U.S. stocks posted solid gains in a holiday-shortened week; most overseas markets finished in the black. Positive June employment data helped optimism counterbalance simmering U.S.-China tensions and Covid-19 reacceleration.
Stocks pulled back across the globe, breaking a three-week string of gains. Among the factors blamed were the disconnect between the market rally and the macroeconomic backdrop and an uptick in coronavirus infections.
U.S. equities posted a third straight week of strong gains. Beside a surprisingly strong U.S. jobs report, the biggest tailwind was massive fiscal and monetary stimulus; investors also focused on upticks in monthly economic data.
Stocks finished a strong week higher as optimism for a potential coronavirus vaccine and the reopening of the U.S. economy won out over renewed U.S.-China geopolitical tensions and the ongoing deterioration of the U.S. labor market.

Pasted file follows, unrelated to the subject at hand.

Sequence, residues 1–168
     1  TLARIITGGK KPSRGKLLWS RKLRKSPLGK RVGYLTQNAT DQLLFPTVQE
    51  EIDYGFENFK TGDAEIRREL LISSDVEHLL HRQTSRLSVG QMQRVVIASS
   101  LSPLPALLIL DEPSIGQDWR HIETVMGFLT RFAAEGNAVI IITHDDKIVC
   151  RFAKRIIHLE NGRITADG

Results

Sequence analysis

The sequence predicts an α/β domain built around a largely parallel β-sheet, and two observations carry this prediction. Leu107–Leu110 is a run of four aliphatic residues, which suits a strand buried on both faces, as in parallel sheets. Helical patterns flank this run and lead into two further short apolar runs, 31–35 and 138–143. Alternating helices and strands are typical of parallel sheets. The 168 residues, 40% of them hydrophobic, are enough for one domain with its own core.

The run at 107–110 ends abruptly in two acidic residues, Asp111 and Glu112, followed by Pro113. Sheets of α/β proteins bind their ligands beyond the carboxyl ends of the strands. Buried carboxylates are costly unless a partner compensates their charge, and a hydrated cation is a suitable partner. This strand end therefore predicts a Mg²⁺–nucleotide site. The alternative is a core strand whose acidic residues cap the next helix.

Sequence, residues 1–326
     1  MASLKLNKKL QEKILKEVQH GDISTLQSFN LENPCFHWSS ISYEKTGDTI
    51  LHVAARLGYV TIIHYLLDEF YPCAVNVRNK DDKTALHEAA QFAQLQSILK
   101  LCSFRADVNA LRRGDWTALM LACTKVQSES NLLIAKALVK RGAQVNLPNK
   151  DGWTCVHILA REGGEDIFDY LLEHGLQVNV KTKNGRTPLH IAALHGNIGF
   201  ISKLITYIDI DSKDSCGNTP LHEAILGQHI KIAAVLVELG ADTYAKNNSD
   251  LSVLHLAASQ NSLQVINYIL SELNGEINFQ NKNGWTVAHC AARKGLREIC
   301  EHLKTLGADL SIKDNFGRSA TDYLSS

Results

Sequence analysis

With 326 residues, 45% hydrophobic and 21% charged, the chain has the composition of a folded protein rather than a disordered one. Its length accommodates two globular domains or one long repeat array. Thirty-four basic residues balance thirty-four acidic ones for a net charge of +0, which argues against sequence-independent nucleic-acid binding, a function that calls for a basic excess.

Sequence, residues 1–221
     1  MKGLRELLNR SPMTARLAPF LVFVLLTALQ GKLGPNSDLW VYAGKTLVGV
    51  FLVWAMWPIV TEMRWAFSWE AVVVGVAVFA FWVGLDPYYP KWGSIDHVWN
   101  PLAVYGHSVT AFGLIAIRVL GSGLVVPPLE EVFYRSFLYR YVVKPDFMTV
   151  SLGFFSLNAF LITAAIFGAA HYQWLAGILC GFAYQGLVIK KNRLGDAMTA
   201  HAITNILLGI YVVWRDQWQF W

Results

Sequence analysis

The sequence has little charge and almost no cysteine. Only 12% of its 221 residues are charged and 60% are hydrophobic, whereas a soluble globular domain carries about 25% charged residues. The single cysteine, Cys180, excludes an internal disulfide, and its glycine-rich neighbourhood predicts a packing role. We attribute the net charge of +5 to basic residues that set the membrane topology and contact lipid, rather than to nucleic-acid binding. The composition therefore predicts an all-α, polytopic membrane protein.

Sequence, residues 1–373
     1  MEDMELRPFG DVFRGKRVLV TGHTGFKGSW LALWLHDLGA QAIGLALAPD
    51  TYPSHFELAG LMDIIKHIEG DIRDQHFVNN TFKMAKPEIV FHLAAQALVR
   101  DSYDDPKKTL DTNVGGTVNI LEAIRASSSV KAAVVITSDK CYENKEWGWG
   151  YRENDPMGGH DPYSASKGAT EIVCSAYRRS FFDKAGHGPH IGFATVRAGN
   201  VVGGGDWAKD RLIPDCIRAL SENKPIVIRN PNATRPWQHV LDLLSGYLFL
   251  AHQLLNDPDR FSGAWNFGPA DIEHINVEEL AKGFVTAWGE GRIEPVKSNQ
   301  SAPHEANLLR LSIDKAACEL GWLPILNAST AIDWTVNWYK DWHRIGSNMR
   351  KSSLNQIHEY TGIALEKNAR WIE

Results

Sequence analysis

Stocks posted weekly losses as declining economic conditions, elevated volatility and rising trade-tension risk weighed on sentiment. Nonetheless, markets partially recovered Friday as April industrial production and May manufacturing and consumer sentiment came in better than expected.
Stocks posted a week of solid gains as markets focused on an April jobs report that wasn’t as bad as feared, expectations of continued fiscal and monetary policy support and signs of easing U.S.–China trade tensions.